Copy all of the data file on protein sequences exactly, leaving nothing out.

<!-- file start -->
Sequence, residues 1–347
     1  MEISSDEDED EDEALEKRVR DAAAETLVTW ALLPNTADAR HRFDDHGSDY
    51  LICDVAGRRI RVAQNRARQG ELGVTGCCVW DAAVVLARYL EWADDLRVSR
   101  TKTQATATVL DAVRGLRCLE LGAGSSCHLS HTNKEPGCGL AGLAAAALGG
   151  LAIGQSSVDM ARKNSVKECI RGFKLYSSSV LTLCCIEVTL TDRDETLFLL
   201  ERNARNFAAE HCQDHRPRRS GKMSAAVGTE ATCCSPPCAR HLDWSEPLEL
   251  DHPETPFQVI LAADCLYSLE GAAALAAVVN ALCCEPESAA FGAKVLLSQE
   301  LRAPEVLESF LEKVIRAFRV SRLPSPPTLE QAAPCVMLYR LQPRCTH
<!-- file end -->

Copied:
Sequence, residues 1–347
     1  MEISSDEDED EDEALEKRVR DAAAETLVTW ALLPNTADAR HRFDDHGSDY
    51  LICDVAGRRI RVAQNRARQG ELGVTGCCVW DAAVVLARYL EWADDLRVSR
   101  TKTQATATVL DAVRGLRCLE LGAGSSCHLS HTNKEPGCGL AGLAAAALGG
   151  LAIGQSSVDM ARKNSVKECI RGFKLYSSSV LTLCCIEVTL TDRDETLFLL
   201  ERNARNFAAE HCQDHRPRRS GKMSAAVGTE ATCCSPPCAR HLDWSEPLEL
   251  DHPETPFQVI LAADCLYSLE GAAALAAVVN ALCCEPESAA FGAKVLLSQE
   301  LRAPEVLESF LEKVIRAFRV SRLPSPPTLE QAAPCVMLYR LQPRCTH